Five winter-flowering plants

Choose some great plants that flower in winter to add interest to your garden. Plantsman Graham Rice chooses his five favourite winter beauties.

witch hazel
Witch hazel. Image: Martin Mulchinock
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OK, we’re not going to be sitting out in the garden in January and February or wandering around the borders in shorts with a beer or a martini admiring our displays. But winter flowers are still important, invaluable in fact, bringing us some much needed colour and cheer in the shortest and coldest days of the year.

And this is not about forcing spring flowers to bloom earlier. It’s about bushes and bulbs and perennials that naturally flower in winter with no special treatment. And many of them are strongly scented, that scent is an extra attraction for the few pollinators that are around in winter and lifts the spirits of the gardener hurrying home from work.

Sarcococca-confusa
Sarcococca confusa. Image: Martin Mulchinock.

Christmas box (Sarcococca)

This is a plant that should be in every garden – even though the small, white flowers are often hidden by the leaves. It’s the scent…. The spidery little white flowers open by Christmas and remain open for many weeks, plant it near a path or gateway to appreciate the fragrance whenever you pass. The evergreen foliage is neat and glossy and attractive all year and it lasts for weeks in water, and the flowers are followed by black berries. Most garden centres stock Sarcococca confusa; look out for it.

Grows to 75cm.

Hellebrous
Helleborus. Image: Martin Mulchinock.

Hellebores (Helleborus)

Supremely fashionable, these resilient winter stalwarts with flowers like great big buttercups come in just about every colour but true blue. Many bow their heads on the coldest frosty mornings but they stand up boldly when the sun peeps through. Multi-petalled and bicoloured varieties are now available, check them out in the garden centre from Christmas and simply choose the ones you like. They’re good in shade, pick the flowers and float them in a bowl of water on the dinner table to admire them closely.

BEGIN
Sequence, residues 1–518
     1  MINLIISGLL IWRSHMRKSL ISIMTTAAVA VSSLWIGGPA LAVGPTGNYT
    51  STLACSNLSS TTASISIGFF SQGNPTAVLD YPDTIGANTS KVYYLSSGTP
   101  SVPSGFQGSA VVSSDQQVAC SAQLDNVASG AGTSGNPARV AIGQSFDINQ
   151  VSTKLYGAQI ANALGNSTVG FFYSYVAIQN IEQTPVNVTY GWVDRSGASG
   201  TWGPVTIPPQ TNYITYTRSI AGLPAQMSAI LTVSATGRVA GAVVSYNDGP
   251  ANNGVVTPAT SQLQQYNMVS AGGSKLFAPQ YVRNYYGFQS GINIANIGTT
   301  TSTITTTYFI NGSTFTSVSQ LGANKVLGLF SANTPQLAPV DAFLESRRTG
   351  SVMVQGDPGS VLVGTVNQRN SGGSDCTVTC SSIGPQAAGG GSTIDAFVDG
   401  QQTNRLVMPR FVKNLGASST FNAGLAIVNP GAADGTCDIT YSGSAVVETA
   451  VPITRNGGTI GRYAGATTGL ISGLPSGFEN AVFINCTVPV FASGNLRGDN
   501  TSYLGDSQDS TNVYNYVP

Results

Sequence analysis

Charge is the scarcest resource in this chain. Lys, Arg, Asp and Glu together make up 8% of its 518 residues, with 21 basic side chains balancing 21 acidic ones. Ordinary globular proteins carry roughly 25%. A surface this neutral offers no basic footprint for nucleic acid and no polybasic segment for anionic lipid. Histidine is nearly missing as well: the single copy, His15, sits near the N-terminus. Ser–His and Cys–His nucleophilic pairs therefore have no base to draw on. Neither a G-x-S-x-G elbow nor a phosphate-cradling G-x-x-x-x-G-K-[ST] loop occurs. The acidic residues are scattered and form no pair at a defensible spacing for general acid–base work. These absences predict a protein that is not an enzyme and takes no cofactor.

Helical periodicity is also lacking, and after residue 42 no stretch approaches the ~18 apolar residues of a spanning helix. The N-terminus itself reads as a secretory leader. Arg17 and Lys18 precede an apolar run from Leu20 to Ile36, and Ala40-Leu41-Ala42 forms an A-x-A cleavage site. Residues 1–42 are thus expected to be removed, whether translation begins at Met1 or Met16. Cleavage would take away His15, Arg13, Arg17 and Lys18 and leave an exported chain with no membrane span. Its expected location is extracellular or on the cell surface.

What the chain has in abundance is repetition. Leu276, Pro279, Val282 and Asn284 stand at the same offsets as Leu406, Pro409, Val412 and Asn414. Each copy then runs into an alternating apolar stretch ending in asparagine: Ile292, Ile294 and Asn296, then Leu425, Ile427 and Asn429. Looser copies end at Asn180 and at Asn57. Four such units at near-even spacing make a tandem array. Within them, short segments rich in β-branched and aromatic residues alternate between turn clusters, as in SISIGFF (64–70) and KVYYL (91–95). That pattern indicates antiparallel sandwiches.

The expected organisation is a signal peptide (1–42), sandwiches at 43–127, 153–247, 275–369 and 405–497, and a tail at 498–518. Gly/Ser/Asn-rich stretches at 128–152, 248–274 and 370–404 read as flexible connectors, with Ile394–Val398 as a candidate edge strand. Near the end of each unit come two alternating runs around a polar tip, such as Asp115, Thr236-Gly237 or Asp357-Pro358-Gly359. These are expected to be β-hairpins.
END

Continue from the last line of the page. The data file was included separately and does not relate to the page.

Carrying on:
Grow to around 20-40cm.

MRM-Snowdrop1WEB
Snowdrop. Image: Martin Mulchinock

Snowdrops (Galanthus)

Winter flowers have to be tough and snowdrops will put up with just about anything except waterlogging. Their dainty pure white flowers will push through snow and open in the worst of weather and when cut for indoor posies the flowers open brightly to reveal their delicate internal markings. Buy them in pots in flower. They’re more expensive in pots than if you buy dry bulbs in summer, but if the bulbs dry out too much they struggle to grow. Double flowered ‘Flore Pleno’ has a mass of petals and lasts longest.

Grows to 10-20cm.

witch hazel
Witch hazel. Image: Martin Mulchinock.

Witch hazel (Hamamelis)

If you need just one specimen shrub that will make a feature in the garden, have colourful yellow January and February flowers with a strong fragrance, look striking when the flowers are over, and whose leaves bring you another season of buttery colour as they change in autumn – well, witch hazels are ideal. Look for the varieties ‘Arnold Promise’, ‘Aurora’ and ‘Pallida’. Don’t prune them, it’s easy to spoil their elegant upright shape. Plant hellebores and snowdrops underneath and give them space to mature with elegance.

Grows to 50-120cm

Jasminum nudiflorum
Jasminum nudiflorum. Image: Martin Mulchinock

Winter jasmine (Jasminum nudiflorum)

Bright yellow flowers line the green stems on this tough-as-nails climber from December onwards when it can be the only plant in flower in the whole garden. It’s more of a sprawler than a climber, but it’s perfectly happy on the coldest, sunless wall you have (as long as it’s not under a tree) and those green branches are interesting once the small green leaves have dropped. Winter jasmine can also be cut for winter posies with holly, snowdrops and berries.

Grows to 3-4m.

Graham Rice

About Graham Rice

Graham Rice is an award-winning garden writer and blogger with
special interests in perennials, annuals and container plants, and
choosing plants for specific garden situations. His blog Transatlantic
Gardener
was awarded Garden Blog Of The Year in 2014 and his
Royal Horticultural Society Encyclopedia of Perennials was awarded
Garden Book of The Year.
View all posts by Graham.